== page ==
Valerie Wallace’s debut poetry collection House of McQueen (March 2018) was chosen by Vievee Francis for the Four Way Books Intro Prize in Poetry. In their starred review Publishers Weekly said that Wallace created “…a literary seance…serving as a scholar of and medium for the late iconic fashion designer Alexander McQueen….” Her work was chosen by Margaret Atwood for the Atty Award, and she has received an Illinois Arts Council Literary Award and the San Miguel de Allende Writers Conference Award in Poetry, as well as many grants to support her work, for which she is extremely grateful.
1 - How did your first book or chapbook change your life? How does your most recent work compare to your previous? How does it feel different?
HOUSE OF MCQUEEN was published 5 months ago (March 2018) and it’s afforded me the opportunity to travel around the country and to London, see far-flung friends, and meet some wonderful new friends.
The poems I’m writing now aren’t about Alexander McQueen obviously, but I’m still interested/invested in form. My newer poems have a bit of nature in them, and often speak to contemporary events.
2 - How did you come to poetry first, as opposed to, say, fiction or non-fiction?
My first piece of writing was a short story about ants, led by an ant named Mrs. Rodriguez, which I remember feeling was the most beautiful name. I was about nine.
But ultimately poetry’s economy of words and embedded musicality are what likely drew me to it, and still keep me close.
3 - How long does it take to start any particular writing project? Does your writing initially come quickly, or is it a slow process? Do first drafts appear looking close to their final shape, or does your work come out of copious notes?
My poems go through tens of drafts. Most of them, thankfully, look and read very differently from their initial impulse.
My first book started out as an exercise – an assignment I gave myself to write about someone unlike me – and a subsequent obsession with McQueen’s work coupled with occasions (of residencies) to give my complete attention to the project meant that the poems, while not super-quick, came steadily.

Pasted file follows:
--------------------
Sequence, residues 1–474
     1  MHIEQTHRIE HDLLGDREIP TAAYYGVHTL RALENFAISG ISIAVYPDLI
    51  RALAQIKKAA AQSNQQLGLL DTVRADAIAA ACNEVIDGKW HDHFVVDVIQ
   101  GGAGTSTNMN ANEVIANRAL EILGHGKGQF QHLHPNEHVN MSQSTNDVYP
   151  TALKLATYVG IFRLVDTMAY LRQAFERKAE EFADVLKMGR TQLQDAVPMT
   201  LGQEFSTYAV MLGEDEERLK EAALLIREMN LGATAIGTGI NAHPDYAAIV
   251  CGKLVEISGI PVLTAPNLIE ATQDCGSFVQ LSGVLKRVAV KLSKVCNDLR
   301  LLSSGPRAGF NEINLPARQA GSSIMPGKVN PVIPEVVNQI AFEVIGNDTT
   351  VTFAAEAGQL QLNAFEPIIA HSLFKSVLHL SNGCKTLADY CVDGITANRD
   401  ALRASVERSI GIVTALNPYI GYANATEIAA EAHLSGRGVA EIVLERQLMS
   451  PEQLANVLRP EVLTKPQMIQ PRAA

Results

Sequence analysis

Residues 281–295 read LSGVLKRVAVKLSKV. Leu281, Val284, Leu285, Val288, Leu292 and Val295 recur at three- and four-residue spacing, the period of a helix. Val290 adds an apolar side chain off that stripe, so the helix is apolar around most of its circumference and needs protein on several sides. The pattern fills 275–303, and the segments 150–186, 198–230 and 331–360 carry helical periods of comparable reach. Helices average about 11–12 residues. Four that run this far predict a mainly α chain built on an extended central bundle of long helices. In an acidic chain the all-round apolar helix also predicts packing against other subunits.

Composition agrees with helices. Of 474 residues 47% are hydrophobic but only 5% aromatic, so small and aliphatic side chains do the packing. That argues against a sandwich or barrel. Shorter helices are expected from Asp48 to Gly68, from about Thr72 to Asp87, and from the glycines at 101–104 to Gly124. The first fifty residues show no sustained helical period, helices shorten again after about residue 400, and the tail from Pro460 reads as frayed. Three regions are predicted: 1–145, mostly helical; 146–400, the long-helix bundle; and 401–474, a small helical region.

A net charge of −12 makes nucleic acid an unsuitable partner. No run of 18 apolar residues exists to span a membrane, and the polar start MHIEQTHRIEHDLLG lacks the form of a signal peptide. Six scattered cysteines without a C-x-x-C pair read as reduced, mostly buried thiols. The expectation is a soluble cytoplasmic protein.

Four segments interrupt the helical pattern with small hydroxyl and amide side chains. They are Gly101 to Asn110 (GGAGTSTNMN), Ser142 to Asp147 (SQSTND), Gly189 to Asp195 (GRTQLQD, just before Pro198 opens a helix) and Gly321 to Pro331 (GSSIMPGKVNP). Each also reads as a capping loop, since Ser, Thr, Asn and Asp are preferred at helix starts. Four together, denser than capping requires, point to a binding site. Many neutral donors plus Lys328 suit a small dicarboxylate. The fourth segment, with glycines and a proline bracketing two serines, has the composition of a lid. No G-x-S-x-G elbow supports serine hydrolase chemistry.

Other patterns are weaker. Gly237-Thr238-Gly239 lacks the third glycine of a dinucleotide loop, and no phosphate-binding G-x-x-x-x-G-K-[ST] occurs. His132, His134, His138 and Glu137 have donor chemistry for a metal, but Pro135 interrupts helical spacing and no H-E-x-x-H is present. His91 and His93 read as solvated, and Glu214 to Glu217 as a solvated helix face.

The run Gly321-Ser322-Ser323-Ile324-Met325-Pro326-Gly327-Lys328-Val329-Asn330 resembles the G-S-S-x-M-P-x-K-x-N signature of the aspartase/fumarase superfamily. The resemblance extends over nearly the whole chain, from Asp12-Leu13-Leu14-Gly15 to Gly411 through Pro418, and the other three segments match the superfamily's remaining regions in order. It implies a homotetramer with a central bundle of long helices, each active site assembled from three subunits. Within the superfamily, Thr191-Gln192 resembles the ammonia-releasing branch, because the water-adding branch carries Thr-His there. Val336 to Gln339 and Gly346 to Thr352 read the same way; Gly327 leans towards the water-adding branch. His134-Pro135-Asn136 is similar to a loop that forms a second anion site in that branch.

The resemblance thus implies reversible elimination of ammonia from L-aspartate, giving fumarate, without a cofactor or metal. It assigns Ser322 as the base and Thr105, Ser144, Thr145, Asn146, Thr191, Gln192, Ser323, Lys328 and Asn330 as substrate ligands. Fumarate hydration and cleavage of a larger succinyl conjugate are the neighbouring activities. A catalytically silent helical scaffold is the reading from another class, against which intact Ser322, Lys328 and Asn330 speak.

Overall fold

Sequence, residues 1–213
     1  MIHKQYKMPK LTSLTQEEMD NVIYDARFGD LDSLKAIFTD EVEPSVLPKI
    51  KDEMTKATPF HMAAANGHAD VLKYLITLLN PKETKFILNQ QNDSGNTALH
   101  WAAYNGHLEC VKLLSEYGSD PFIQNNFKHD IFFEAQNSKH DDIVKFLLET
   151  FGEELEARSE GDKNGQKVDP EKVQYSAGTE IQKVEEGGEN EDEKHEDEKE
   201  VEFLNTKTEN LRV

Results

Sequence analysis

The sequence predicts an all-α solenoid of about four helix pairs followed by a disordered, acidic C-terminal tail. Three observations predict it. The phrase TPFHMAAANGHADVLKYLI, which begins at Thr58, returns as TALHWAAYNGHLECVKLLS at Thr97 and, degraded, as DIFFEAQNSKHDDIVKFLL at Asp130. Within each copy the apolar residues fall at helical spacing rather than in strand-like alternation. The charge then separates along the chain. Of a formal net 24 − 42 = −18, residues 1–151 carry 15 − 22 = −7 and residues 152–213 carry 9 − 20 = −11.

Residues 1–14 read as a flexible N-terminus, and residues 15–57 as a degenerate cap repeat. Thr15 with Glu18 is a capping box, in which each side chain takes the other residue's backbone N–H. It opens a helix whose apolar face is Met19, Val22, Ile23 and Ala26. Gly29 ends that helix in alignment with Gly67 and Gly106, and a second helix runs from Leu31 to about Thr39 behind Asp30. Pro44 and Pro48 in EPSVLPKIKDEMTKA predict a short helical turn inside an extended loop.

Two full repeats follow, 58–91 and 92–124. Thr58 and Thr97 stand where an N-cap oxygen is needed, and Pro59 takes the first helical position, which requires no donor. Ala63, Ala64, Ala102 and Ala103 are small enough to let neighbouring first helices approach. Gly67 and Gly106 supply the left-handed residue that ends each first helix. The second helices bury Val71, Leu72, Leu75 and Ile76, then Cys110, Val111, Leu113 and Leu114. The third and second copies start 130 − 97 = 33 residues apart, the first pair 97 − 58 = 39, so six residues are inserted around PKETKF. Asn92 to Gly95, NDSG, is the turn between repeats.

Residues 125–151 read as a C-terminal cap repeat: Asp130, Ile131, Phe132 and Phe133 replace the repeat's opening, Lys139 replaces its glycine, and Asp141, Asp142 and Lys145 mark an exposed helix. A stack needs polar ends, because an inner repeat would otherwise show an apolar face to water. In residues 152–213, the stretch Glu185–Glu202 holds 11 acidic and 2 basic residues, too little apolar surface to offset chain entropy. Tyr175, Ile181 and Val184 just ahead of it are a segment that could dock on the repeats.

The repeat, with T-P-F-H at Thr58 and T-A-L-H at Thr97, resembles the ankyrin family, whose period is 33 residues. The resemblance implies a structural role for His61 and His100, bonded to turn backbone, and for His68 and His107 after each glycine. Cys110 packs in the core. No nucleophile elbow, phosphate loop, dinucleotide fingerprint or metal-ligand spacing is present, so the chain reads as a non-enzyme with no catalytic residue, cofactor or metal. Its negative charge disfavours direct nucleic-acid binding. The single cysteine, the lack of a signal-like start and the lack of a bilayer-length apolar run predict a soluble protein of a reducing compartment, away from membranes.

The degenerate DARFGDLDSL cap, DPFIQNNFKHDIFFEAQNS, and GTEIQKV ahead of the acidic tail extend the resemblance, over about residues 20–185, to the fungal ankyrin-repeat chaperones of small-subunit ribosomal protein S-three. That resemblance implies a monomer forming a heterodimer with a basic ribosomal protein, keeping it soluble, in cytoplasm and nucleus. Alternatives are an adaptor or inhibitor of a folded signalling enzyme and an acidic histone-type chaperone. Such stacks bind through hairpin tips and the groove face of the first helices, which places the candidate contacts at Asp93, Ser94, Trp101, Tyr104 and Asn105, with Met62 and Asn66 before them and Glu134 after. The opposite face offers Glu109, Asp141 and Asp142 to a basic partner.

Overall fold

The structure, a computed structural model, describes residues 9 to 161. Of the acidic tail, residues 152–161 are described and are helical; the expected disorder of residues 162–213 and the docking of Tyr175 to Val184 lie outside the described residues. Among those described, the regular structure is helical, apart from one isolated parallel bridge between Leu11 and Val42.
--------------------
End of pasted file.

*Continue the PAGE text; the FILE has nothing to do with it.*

4 - Where does a poem usually begin for you? Are you an author of short pieces that end up combining into a larger project, or are you working on a "book" from the very beginning?
Poems often begin as lists although sometimes I guess they are also paragraphs. I think it depends on what the poem is going for.
With HOUSE OF MCQUEEN, I figured out fairly early in the process I might have a book. But now, I’m just happy when I complete a single poem. I’m not sure where I’m headed.
5 - Are public readings part of or counter to your creative process? Are you the sort of writer who enjoys doing readings?
I love doing readings. I love to see if I can convey something of the poem’s emotion and meaning to the audience. Readings of newer work also help me hear infelicities that I can attend to later – of language, form, spacing. That’s probably not fair to the audience, but I do like to read aloud to help me with final drafts.
6 - Do you have any theoretical concerns behind your writing? What kinds of questions are you trying to answer with your work? What do you even think the current questions are?
I’m trying to make sense of the world, to find its beauty, to find shared humanity.
7 – What do you see the current role of the writer being in larger culture? Does s/he even have one? What do you think the role of the writer should be?